Crystal optical devices are widely used in X-ray free electron laser (XFEL) systems, monochromators, beam splitters, high-reflectance backscattering mirrors, lenses, phase plates, diffraction gratings, and spectrometers. The absorption of X-ray in these optical devices can cause increase of temperature and consequent thermal deformation, which can dynamic change in optic output. In self-seeding XFEL, the thermal deformation and strain in monochromator could cause significant seed quality degradation: central energy shift, band broadening and reduction in seed power. To quantitatively estimate the impact of thermomechanical effects on seed quality, we conduct thermomechanical simulations combined with diffraction to evaluate the seed quality with residual temperature field in a pump-probe manner. With our results, we show that a critical repetition rate could be determined, once the criteria for deviation of the seed quality are selected. This tool shows great potential for the design of XFEL optics for stable operation.
Fabrication Progress of a Superconducting Helical Undulator with Superimposed Focusing Gradient for High Efficiency Tapered X-Ray FELs  
  • S.M. Lynam, R.B. Agustsson, I.I. Gadjev, A.Yu. Smirnov
    RadiaBeam, Santa Monica, California, USA
  • F.H. O’Shea
    Elettra-Sincrotrone Trieste S.C.p.A., Basovizza, Italy
  Funding: This work is supported by DOE grant no. DE-SC0017072, "Superconducting Helical Undulator with Superimposed Focusing Gradient for High Efficiency Tapered X-Ray FELs"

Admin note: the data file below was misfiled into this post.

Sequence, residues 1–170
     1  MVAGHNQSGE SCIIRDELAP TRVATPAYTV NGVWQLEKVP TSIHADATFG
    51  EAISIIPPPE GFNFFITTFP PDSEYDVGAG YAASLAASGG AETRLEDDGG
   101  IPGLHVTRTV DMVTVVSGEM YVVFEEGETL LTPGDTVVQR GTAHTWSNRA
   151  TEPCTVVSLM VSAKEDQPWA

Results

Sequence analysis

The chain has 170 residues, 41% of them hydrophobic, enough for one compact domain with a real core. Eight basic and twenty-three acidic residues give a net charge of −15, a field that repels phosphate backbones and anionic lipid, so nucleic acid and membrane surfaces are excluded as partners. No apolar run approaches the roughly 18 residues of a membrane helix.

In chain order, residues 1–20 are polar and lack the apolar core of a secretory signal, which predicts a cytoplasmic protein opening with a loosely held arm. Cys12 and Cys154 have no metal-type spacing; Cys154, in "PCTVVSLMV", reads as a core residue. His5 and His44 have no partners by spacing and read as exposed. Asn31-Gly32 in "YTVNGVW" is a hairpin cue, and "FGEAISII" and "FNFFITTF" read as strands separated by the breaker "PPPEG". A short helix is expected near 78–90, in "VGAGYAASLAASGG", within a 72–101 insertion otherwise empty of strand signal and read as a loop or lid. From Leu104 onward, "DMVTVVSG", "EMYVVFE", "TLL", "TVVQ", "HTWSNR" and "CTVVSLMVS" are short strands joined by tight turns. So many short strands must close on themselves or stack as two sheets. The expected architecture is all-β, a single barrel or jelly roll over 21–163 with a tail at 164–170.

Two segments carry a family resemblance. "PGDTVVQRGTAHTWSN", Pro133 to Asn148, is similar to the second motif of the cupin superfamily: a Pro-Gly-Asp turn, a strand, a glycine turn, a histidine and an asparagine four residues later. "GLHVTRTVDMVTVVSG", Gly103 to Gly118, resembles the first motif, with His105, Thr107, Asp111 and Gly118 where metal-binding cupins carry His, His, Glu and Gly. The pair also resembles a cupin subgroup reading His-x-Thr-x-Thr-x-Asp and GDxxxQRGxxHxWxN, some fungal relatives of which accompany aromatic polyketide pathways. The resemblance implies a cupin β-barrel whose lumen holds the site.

The Advanced Gradient Undulator (AGU) represents a potentially significant advancement in x-ray conversion efficiency for x-ray FELs. This increase in efficiency would have broad implications on the capabilities of x-ray light sources. To achieve this high conversion efficiency, the inner diameter of the undulator coil is a mere 7mm, even with the use of superconducting coils. To accommodate the beamline at the Advanced Photon Source this yields in a chamber with a wall thickness of 0.5mm fabricated from Aluminum. With a period of 2cm and a conductor position tolerance of <100 um over a length of >80cm at 4.2K, the engineering and fabrication challenges for the undulator alone are substantial. We will discuss these fabrication challenges and present solutions to meet the tolerances required for desired performance, and provide an update on current progress of the construction of a section of the AGU insertion device.